IL CAMPANELLO DI NOTTE:
Farce in one act. Running Time: 56 minutes.
This is based on a French vaudeville entitled La sonnette de la nuit. It was performed sporadically from its Naples premiere until the early 1880s (including performances in London, Philadelphia, and New York), then disappeared until after the Second World War when it has had something of a second life as a comic short on the fringes of the rep of many Italian houses as well as the odd performance in Germany and Austria.
SETTING: Naples, early 19th century. Apothecary Don Annibale (bass) has just married Serafina (soprano) and her cousin, and former lover, Enrico (baritone) is determined to make sure the marriage remains unconsummated so he disguises himself as a series of customers for Don Annibale and keeps him up all night so that he has to leave the next morning for Rome without ever getting to bed.
LOOK OUT FOR:
Scene: A grand room in the house of the Neapolitan Apothecary Don Annibale Pistacchio.
2, 11: Bella cosa amici cari The opera starts with chords that resemble the start of the violin concerto in Verdi’s I Lombardi interrupted by the persistent ringing of a bell (foreshadowing). After a typical opening ‘evviva‘ chorus the first item of interest is a comedically furious aria ** for Don Annibale as he thanks the wedding guests and is about to prepare for the wedding night. He discusses with Serafina’s aunt Rosa (contralto) that he must consummate the marriage that night or otherwise it will not happen for a very long time because he has to go on a trip to Rome to sort out the will of an Aunt who lives there. Annibale’s servant Spiridione (tenor) announces the arrival of Enrico, his wife’s cousin. Annibale and Rosa go off-stage dancing a mild gallop *.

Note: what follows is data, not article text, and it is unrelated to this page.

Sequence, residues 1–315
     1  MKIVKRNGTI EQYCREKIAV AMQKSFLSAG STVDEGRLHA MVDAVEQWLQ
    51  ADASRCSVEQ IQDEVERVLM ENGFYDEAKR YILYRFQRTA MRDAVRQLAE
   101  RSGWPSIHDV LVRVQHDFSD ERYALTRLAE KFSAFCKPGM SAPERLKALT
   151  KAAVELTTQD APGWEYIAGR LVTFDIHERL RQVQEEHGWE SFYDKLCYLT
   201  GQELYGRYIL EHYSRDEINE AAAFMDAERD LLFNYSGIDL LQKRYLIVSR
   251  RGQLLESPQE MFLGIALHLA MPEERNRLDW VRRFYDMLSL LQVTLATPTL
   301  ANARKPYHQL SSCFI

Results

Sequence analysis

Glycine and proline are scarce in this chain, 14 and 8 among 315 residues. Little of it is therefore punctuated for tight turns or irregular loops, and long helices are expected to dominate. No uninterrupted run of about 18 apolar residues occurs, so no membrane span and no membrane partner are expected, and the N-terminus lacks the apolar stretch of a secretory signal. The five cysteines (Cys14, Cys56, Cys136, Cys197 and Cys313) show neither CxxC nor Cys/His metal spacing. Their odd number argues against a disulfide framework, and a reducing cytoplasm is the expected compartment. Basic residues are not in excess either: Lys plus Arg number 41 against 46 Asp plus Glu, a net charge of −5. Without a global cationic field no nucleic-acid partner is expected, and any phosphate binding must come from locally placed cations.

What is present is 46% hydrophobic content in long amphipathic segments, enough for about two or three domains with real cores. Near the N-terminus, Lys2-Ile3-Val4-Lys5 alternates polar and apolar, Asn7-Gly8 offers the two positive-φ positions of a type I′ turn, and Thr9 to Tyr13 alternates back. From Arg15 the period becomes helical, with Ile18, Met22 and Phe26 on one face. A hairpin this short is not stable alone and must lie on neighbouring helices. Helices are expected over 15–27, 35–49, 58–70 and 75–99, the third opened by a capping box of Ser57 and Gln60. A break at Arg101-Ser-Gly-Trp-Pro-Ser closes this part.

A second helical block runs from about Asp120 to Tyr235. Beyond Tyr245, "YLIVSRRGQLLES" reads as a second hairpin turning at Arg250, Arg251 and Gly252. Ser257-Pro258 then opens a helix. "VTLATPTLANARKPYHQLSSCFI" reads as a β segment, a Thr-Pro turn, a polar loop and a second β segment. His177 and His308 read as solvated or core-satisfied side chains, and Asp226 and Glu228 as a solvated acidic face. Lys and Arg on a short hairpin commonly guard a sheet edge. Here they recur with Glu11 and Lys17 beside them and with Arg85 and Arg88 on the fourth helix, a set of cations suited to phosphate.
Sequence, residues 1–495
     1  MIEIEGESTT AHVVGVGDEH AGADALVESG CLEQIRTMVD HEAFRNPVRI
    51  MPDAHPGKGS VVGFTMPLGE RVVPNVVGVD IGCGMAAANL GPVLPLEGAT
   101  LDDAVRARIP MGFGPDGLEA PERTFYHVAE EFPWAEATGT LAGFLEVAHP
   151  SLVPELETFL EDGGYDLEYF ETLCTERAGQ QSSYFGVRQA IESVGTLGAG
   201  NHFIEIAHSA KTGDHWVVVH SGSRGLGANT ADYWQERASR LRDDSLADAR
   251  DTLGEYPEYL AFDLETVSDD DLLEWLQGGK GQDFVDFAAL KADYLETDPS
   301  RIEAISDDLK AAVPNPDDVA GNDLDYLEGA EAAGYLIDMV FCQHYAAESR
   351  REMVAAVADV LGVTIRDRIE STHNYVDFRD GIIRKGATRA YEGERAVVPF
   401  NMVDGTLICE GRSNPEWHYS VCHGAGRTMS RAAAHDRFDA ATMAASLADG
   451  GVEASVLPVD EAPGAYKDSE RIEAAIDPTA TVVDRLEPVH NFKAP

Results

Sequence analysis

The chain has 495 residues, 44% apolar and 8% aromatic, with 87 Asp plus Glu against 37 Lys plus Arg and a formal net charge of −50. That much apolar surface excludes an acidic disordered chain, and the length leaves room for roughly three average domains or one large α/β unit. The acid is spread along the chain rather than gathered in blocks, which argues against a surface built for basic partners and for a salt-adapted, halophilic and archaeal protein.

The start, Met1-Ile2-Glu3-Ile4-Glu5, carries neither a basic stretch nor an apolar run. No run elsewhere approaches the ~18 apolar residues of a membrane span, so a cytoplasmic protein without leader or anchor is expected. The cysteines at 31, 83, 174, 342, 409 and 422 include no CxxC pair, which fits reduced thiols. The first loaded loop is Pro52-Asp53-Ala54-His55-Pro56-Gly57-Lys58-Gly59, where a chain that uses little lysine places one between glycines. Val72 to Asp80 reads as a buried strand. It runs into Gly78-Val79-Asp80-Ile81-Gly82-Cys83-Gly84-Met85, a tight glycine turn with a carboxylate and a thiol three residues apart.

12: Non fuggir, t‘arresta, ingrata! Enrico arrives and tells Serafina how terrified he is about the possibility of her marriage to Annibale being consummated in a nice duet **. Serafina is apparently on board with this because if un-consummated that night, the marriage can be easily annulled. The reason for her willingness to be separated from the doctor is that she really is in love with Enrico.
25: Mesci, mesci e sperda il vento Enrico sings a brindisi con coro ** which takes turns being very serious but also very comedic.
35: Ho una bella, un’infedele After Annibale expresses exhaustion Enrico arrives in three separate guises ** (a sick Frenchman, a sick singer who is apparently a tenor (?), and a blind man looking for a cure all for his “wife”).
46: Mio signore venerato This last man sings a very complicated baritone aria ** because it requires so many sixteenth notes.
51: Da me lungi ancor vivendo The finale ** in which Enrico successes in preserving Serafina’s virginity and Annibale is off to Rome as executor of his aunt’s will.